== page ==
Bank of America to use AI for currency research

America's top banks and financial institutions are beginning to put AI to the test. Will it survive?
3 July 2018

Bank of America becomes the first to publish insights from its machine-learning models into its currency research. Source: Shutterstock

We’ve all been hearing about artificial intelligence (AI) and machine learning (ML) and how it can help comb through vast amounts of data to create useful, actionable insights.

However, until now, AI and ML failed to make a noticeable impact in one of the most data-rich industries in the world: Banking and financial services.

Bank of America has taken a step to change that (probably forever) and is setting a precedent for its competitors who are watching carefully.

According to Bloomberg, the financial institution’s currency strategists will be using machine learning programs and models to create insight and support research findings – all of which will be published for clients to use.

“It’s hard to learn from the historical data because of the nature of the FX market, so we try to really push the frontier” with alternative data and machine learning, Alice Leng, the Currency Strategist who authored Bank of America’s AI-based research told the New York-based news bureau.

However, it’s important to note that Bank of America isn’t the first to use AI and ML for its currency operations. JPMorgan’s forex research team has explored ML-based applications for currency research, although insights produced haven’t been used to advise clients.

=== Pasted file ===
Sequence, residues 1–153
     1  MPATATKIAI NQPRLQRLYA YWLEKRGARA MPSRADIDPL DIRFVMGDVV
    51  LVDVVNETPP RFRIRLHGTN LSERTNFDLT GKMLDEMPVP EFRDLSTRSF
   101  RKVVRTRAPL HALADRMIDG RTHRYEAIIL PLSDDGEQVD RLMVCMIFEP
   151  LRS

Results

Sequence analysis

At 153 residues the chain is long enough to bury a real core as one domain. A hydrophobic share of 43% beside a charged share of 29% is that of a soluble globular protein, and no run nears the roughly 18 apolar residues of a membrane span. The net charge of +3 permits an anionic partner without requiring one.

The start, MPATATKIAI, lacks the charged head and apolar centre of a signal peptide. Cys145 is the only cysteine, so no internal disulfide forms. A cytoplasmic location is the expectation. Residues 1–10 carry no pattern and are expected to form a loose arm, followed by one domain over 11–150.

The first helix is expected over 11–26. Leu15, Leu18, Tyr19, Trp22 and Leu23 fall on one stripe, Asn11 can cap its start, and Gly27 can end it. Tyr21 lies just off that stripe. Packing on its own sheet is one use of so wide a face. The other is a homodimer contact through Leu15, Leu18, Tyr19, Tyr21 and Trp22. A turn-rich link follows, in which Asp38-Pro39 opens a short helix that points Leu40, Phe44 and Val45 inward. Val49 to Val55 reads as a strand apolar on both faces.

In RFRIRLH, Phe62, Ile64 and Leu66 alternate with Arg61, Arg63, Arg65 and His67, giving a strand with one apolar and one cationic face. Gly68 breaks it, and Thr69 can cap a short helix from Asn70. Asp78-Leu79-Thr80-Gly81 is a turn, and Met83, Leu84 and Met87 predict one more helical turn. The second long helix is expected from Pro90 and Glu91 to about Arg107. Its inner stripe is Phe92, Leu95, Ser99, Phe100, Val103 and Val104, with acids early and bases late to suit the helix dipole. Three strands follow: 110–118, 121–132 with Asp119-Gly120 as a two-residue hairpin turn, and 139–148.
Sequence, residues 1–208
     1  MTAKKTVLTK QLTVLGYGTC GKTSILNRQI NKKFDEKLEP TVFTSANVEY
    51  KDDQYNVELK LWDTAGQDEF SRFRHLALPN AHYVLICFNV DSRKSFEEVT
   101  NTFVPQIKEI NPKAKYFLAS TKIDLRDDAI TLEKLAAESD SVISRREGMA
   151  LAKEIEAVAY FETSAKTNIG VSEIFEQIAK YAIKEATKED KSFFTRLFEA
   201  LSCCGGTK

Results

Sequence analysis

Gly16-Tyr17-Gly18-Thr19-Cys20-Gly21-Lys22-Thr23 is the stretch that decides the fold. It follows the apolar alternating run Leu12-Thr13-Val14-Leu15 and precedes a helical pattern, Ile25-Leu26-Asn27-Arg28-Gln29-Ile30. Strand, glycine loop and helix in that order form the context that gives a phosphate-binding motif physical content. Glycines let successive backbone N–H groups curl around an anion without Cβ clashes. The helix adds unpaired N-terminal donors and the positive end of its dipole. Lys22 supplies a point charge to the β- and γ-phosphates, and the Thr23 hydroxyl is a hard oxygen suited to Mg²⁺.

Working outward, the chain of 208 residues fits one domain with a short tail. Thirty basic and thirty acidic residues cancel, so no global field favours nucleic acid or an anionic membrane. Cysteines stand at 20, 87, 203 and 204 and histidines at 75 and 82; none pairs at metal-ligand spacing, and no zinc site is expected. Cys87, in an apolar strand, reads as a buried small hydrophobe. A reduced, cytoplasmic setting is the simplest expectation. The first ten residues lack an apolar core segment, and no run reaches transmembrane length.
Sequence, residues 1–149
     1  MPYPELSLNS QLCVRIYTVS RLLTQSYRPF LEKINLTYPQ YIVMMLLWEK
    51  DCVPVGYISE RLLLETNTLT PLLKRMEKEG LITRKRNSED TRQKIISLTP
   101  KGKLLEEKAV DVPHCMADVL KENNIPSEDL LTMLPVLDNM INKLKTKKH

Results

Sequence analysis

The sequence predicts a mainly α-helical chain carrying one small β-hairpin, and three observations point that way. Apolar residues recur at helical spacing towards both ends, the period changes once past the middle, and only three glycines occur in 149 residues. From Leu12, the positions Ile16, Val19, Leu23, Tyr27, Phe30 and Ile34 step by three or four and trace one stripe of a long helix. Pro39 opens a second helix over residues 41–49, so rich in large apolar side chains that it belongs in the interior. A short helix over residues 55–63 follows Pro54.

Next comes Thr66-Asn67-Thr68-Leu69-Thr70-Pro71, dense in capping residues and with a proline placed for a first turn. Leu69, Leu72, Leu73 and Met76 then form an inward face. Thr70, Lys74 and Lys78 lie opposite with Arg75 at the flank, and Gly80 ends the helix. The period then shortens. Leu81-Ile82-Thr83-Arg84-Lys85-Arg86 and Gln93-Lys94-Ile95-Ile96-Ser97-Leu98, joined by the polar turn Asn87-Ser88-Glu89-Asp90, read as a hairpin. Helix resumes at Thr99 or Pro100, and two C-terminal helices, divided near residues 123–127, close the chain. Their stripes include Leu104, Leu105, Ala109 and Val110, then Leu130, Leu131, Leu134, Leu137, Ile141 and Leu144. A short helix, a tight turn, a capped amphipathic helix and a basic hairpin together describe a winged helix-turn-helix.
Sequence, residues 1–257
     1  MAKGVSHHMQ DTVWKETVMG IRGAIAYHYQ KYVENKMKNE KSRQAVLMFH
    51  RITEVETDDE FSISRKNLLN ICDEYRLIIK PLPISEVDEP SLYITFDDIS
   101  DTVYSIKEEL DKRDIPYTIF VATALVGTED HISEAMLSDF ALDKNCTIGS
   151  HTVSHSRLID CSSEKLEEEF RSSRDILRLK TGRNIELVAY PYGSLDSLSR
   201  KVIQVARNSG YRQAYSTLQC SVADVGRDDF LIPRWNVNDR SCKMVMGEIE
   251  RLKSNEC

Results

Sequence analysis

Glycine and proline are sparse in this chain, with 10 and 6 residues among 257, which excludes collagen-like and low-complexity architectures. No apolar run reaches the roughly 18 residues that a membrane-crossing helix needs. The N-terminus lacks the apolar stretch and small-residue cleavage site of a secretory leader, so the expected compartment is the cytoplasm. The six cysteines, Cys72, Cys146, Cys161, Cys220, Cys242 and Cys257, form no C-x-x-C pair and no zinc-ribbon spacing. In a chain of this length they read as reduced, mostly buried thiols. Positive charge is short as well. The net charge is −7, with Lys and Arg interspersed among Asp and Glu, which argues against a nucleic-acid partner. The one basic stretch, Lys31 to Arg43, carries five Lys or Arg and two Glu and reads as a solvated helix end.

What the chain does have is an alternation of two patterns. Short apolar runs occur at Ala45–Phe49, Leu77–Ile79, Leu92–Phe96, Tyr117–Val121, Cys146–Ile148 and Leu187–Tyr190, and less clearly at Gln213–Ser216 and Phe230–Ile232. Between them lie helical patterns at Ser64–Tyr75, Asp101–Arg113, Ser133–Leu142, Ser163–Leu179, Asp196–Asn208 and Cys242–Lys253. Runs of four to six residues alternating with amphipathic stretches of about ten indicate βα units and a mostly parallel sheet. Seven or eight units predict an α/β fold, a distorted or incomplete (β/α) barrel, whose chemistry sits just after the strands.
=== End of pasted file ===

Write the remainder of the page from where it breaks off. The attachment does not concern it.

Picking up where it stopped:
The use of AI and ML, in fact, is becoming a growing trend in the financial services industry, and it is likely that several of Bank of America’s competitors will follow in its footsteps.

Morgan Stanley, for example, just added a computer-science professor from the University of Pennsylvania to its team to explore the use of AI across the company.

And although there are naysayers who believe this is just another hype and an attempt by financial institutions to ride on the hype created by AI and other buzzwords, there’s proof that AI can provide accurate currency forecasts.

The Nikkei, far away in Tokyo, announced the results of an experiment it ran with its AI model earlier this year.

Trained at the Nikkei Innovation Lab and fed a steady diet of financial articles and dozens of economic and financial indicators, the AI served up the most accurate forecast for the year-end exchange rate, beating around 400 readers and 10 analysts.

Currency research aside, AI has made several contributions to financial services in the recent past.

Several of these, such as robo-advisory solutions and actuarial science models, have already helped some businesses gain the first-movers advantage and leapfrog over the competition.

In fact, robo-advisory has become a micro-industry by itself and crossed US$200 billion in assets under management (AUM). The returns these AI-powered advisors managed to earn for their clients touched 27.7 percent (2-year return), according to Dow Jones & Company.

Based on past performance, there’s hope that AI will make a dent in currency research as well. If not, the models will only need to be improved.